Fungi-Fluor Kit for Fungal Detection (for U.S. & outside of Europe orders)

View pricing for: Americas/Asia, Europe, Taiwan
Catalog No. Packaging Size Price Quantity
17442-1 1 kit


Many opportunistic fungal infections develop in immunocompromised HIV-infected (AIDS) patients and increasingly among the non-HIV infected immunosuppressed population. A number of these are caused by various fungal species including Candida, Aspergillus, Histoplasma, and Coccidioides.

The Fungi-Fluor® Kit for Fungal Detection offers a quick fluorescent stain/counterstain procedure for various fungal organisms. The kit can be used to screen a variety of specimen types, such as sputum and skin scrapings, for fungal detection.

Fungi-Fluor® Staining Solution is a 0.05% solution of high purity Cellufluor, an active ingredient of Calcofluor white fluorescent stain, in deionized water with potassium hydroxide added as a clearing agent. Fungi-Fluor® Counterstaining Solution B is an aqueous solution of Evans Blue dye, which is used to reduce background fluorescence. The Fungi-Fluor® Kit can be used for the rapid identification of various fungal infections in fresh or frozen clinical specimens, paraffin or glycol methacrylate embedded tissues. Typical specimens include sputum, bronchoalveolar lavage (BAL), bronchial wash and tissue biopsies.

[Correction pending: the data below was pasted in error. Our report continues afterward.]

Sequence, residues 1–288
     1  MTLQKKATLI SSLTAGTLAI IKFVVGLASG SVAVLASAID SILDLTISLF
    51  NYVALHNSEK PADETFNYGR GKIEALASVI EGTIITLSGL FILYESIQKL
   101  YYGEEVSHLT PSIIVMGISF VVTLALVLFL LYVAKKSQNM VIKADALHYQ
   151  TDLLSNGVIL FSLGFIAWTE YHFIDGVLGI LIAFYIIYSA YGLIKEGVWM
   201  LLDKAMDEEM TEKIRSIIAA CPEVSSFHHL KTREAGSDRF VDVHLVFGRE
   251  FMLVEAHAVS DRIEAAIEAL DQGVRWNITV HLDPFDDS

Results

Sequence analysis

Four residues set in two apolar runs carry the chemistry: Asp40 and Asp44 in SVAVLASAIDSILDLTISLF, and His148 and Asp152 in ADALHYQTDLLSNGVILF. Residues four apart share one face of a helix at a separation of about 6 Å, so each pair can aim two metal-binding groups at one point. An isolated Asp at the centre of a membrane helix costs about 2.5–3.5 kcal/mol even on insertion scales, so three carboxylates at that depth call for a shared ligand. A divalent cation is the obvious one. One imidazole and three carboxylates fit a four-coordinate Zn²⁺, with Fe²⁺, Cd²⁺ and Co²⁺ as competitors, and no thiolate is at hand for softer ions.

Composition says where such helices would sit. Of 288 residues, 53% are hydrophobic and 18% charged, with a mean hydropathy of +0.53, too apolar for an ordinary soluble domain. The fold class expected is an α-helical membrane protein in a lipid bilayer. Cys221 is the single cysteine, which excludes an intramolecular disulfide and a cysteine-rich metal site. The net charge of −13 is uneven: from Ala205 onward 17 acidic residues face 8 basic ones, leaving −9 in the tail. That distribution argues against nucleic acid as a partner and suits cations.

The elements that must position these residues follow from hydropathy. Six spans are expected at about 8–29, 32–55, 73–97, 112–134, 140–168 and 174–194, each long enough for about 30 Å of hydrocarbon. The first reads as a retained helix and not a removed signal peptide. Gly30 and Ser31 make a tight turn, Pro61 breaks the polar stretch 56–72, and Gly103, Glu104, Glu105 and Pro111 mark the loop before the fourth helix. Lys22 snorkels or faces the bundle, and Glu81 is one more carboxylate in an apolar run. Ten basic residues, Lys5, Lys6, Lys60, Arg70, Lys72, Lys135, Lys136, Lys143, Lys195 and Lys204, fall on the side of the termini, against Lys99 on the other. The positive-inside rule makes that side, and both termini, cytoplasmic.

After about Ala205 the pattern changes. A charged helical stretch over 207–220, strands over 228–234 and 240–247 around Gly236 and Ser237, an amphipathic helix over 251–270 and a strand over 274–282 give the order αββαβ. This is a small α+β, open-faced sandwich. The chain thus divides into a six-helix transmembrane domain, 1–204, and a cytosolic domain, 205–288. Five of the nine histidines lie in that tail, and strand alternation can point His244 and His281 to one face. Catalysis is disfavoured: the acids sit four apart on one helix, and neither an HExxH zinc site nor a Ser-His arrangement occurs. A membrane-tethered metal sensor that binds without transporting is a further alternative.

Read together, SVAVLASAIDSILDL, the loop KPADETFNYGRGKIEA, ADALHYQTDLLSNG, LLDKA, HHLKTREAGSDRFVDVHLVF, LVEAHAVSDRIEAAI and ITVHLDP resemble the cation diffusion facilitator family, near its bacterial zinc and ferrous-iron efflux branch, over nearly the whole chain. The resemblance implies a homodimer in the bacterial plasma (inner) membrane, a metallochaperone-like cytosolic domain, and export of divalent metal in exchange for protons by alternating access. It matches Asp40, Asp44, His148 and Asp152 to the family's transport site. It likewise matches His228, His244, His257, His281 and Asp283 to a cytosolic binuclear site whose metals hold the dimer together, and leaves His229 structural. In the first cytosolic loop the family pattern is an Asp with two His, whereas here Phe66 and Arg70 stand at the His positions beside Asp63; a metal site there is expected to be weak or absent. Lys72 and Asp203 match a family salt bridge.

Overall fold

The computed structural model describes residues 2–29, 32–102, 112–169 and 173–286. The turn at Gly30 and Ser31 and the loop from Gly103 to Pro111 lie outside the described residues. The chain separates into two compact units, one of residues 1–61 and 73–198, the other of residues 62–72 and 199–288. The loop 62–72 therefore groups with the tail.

• More accurate diagnosis than KOH preps.
  • Rapidly offers greater morphologic detail than PAS or silver stains.
  • Counterstain greatly reduces background fluorescence.
  • Simplicity and rapidity over immunostains.
  • Packaged in convenient dropper bottles. 
  • FDA approved for in vitro diagnostics use in the United States. 
Specimen types:
  • Fresh or frozen clinical specimen.
  • Paraffin or GMA-embedded tissues.
Kit contains: 75 ml each of Solution A and B.

Stains over 500 slides

Product is sold in Europe under Catalog # 17442E


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Baselski VS, Robison MK, Pifer LW, Woods DR. (1990) Rapid detection of Pneumocystis carinii in bronchoalveolar lavage samples by using Cellufluor staining. J Clin Microbiol 28(2):393-394.